On September 6th, Susan Fowler posted an article titled, "Who's on-call?", talking about evolving on-call duties between development teams and SRE teams. She has this quote at the top:
I'm not sure when in the history of software engineering separate operations organizations were built and run to take on the so-called "operational" duties associated with running software applications and systems, but they've been around for quite some time now (by my research, at least the past twenty years - and that's a long time in the software world).
My first job was with a city government, and many of the people I was working with started at that city when they decided to computerize in 1978. Most of them have retired or died off by now. In 1996, when I started there, the original dot-com boom was very much on the upswing, and that city was still doing things the way they'd been done for years.
I got into the market in time to see the tail end of that era. One of the things I learned there was the origins of many of the patterns we see today. To understand the origins of on-call in IT systems, you have to go back to the era of serial networking, when the term 'minicomputer' was distinct from 'microcomputer', which were marketing terms to differentiate from 'mainframe'.
IT systems of the era employed people to do things we wouldn't even consider today, or would work our damnedest to automate out of existence. There were people who had, as their main job, duties such as:
- Entering data into the computer from paper forms.
- Really. All you did all day was punch in codes. Computer terminals were not on every desk, so specialists were hired to do it.
- The worst part is: there are people still doing this today.
- Kick off backups.
- Change backup tapes when the computer told them to.
- Load data-tapes when the computer told them to.
- Tape stored more than spinning rust, so it was used as a primary storage medium. Disk was for temp-space.
- I spent a summer being a Tape Librarian. My job was roboticized away.
- Kick off the overnight print-runs.
- Colate printer output into reports, for delivery to the mailroom.
- Execute the overnight batch processes.
- Your crontab was named 'Stephen,' and you saw him once a quarter at the office parties. Usually very tired-looking.
- Monitor by hand system usage indicators, and log them in a paper logbook.
- Keep an Operations Log of events that happened overnight, for review by the Systems Programmers in the morning.
- Follow runbooks given to them by Systems Programming for performing updates overnight.
- Be familiar with emergency procedures, and follow them when required.
Many of these things were only done by people working third shift. Which meant computer-rooms had a human on-staff 24/7. Sometimes many of them.
There was a side-effect to all of this, though. What if the overnight Operator had an emergency they couldn't handle? They had to call a Systems Programmer to advise a fix, or come in to fix it. In the 80's, when telephone modem came into their own, they may even be able to dial in and fix it from home.
On-Call was born.
There was another side-effect to all of this: it happened before the great CompSci shift in the colleges, so most Operators were women. And many Systems Programmers were too. This was why my first job was mostly women in IT management and senior technical roles. This was awesome.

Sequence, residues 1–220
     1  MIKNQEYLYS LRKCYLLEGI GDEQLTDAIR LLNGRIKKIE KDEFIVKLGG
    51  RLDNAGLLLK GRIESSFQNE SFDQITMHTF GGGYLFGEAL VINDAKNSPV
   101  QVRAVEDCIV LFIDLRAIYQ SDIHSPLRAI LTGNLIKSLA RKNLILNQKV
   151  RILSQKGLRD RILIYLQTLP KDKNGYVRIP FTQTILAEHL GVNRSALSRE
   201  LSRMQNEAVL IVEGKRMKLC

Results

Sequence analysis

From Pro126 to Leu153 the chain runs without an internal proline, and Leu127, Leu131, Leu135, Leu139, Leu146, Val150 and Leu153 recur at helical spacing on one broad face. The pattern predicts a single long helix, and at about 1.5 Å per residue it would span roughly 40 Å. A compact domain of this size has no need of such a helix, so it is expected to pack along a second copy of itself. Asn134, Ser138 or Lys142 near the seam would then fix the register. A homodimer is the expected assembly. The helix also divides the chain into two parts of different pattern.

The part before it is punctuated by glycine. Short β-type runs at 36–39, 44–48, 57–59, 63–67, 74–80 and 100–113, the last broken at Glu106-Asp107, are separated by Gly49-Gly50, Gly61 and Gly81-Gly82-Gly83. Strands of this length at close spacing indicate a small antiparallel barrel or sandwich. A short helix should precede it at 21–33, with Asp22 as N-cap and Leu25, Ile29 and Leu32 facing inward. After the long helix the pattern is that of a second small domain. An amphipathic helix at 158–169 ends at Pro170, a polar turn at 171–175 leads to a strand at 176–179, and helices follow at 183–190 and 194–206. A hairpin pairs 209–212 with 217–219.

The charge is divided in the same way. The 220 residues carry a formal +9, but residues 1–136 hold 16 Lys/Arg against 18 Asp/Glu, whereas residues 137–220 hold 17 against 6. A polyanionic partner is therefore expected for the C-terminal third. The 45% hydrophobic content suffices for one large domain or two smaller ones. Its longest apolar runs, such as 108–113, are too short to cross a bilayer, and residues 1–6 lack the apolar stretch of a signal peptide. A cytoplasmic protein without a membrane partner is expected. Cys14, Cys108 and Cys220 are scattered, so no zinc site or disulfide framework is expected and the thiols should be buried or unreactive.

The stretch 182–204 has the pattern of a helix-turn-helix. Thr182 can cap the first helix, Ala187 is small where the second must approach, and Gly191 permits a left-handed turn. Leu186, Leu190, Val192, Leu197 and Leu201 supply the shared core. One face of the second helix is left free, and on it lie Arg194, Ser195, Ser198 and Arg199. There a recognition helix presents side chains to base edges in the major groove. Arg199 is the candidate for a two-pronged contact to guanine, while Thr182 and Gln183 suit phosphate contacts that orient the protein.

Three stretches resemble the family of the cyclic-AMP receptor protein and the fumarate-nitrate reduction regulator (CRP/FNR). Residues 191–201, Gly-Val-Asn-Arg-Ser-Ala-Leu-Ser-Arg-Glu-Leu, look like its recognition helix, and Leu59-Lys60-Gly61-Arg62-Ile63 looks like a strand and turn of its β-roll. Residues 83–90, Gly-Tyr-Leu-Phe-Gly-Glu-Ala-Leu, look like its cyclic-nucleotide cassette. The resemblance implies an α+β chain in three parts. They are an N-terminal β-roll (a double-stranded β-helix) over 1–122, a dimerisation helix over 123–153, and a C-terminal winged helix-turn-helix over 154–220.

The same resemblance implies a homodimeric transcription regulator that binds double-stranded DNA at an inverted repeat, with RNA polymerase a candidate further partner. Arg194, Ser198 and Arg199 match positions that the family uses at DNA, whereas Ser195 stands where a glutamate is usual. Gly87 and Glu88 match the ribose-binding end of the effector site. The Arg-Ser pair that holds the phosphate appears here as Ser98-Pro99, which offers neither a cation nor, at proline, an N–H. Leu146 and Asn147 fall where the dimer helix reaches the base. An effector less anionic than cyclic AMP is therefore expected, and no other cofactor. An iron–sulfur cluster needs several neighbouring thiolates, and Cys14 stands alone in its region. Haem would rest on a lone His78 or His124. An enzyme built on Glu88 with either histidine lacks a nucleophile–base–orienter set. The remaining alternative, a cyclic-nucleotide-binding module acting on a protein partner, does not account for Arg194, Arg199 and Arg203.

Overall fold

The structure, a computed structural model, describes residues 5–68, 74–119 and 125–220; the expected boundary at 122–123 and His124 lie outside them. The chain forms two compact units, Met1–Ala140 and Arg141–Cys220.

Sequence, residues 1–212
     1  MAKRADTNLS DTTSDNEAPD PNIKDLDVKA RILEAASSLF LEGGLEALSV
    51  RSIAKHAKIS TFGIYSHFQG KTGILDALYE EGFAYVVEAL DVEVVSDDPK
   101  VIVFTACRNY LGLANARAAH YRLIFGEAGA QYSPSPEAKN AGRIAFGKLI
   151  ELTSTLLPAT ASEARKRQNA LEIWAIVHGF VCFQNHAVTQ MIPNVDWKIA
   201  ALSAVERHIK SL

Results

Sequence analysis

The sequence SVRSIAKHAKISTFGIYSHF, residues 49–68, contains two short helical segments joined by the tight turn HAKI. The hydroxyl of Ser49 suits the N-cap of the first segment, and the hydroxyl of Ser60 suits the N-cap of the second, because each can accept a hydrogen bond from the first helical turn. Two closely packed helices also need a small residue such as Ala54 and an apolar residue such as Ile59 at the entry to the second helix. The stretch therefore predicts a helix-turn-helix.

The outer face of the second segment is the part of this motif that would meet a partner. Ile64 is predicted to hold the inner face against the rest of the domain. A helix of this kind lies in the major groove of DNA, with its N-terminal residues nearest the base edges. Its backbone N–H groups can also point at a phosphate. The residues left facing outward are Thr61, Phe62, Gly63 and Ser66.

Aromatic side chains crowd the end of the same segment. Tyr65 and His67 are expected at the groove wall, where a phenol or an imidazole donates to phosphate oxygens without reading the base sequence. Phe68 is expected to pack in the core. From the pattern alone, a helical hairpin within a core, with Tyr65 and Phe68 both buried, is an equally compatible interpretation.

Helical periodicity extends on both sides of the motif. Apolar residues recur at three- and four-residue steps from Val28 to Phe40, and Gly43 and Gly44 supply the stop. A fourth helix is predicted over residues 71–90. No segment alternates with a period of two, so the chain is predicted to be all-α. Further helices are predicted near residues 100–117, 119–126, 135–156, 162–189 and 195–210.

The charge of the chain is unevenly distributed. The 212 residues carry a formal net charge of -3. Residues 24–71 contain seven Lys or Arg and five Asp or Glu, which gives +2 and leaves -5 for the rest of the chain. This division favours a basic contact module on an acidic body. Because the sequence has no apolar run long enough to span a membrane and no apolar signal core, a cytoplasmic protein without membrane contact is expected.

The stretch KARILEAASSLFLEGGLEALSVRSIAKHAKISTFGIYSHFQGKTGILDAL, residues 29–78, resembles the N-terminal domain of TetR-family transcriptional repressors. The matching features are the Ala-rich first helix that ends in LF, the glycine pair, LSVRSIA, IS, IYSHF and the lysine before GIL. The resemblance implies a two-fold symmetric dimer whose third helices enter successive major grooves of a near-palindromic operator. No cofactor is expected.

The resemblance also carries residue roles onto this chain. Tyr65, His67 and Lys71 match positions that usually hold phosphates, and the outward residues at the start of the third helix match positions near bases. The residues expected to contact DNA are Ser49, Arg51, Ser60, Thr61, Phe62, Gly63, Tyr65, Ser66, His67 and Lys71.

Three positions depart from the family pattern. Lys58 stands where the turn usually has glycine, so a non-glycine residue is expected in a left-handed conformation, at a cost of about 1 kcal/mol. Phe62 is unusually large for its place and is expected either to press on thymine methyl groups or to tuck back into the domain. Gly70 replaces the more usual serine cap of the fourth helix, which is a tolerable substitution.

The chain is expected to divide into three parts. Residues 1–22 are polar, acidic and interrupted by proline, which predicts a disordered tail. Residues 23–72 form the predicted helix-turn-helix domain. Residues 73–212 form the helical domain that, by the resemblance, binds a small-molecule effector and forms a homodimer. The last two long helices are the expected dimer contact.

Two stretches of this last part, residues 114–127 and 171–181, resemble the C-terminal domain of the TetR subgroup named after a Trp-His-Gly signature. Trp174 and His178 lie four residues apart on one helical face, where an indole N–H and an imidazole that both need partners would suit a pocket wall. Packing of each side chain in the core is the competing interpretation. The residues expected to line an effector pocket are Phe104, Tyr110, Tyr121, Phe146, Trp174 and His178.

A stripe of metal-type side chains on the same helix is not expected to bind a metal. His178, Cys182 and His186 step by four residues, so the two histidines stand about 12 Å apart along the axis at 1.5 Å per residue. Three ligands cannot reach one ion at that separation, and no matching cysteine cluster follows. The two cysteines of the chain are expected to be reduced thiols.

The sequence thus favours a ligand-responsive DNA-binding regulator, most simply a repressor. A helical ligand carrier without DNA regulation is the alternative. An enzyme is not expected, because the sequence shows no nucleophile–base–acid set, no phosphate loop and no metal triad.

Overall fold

A Systems Programmer, as they were called at the time, is less of a Software Engineering role as we would define it today. They were more DevOps, if not outright SysAdmin. They had coding chops, because much of systems management at the time required that. Their goal was more wiring together purchased software packages to work coherently, or modifying purchased software to work appropriately.
Time passed, and more and more of the overnight Operator's job was automated away. Eventually, the need for an overnight Operator exceeded requirements. Or you simply couldn't hire one to replace the Operator that just quit. However, the systems were still running 24/7, and you needed someone ready to respond to disasters. On-call got more intense, since you no longer had an experienced hand in the room at all times.
The Systems Programmers earned new job-titles. Software Engineering started to be a distinct skill-path and career, so was firewalled off in a department called Development. In those days, Development and Systems people spoke often; something you'll hear old hands grumble about with DevOps not being anything actually new. Systems was on-call, and sometimes Development was if there was a big thing rolling out.
Time passed again. Management culture changed, realizing that development people needed to be treated and managed differently than systems people. Software Engineering became known as Software Engineering, and became its own career-track. The new kids getting into the game never knew the close coordination with Systems that the old hands had, and assumed this separation was the way it's always been. Systems became known as Operations; to some chagrin of the old Systems hands who resented being called an 'Operator', which was typically very junior. Operations remained on-call, and kept informal lists of developers who could be relied on to answer the phone at o-dark-thirty in case things went deeply wrong.
More time, and the separation between Operations and Software Engineering became deeply entrenched. Some bright sparks realized that there were an awful lot of synergies to be had with close coordination between Ops and SE. And thus, DevOps was (re)born in the modern context.
Operations was still on-call, but now it was open for debate about how much of Software Engineering needed to be put on the Wake At 3AM In Case Of Emergency list.
And that is how on-call evolved from the minicomputer era, to the modern era of cloud computing.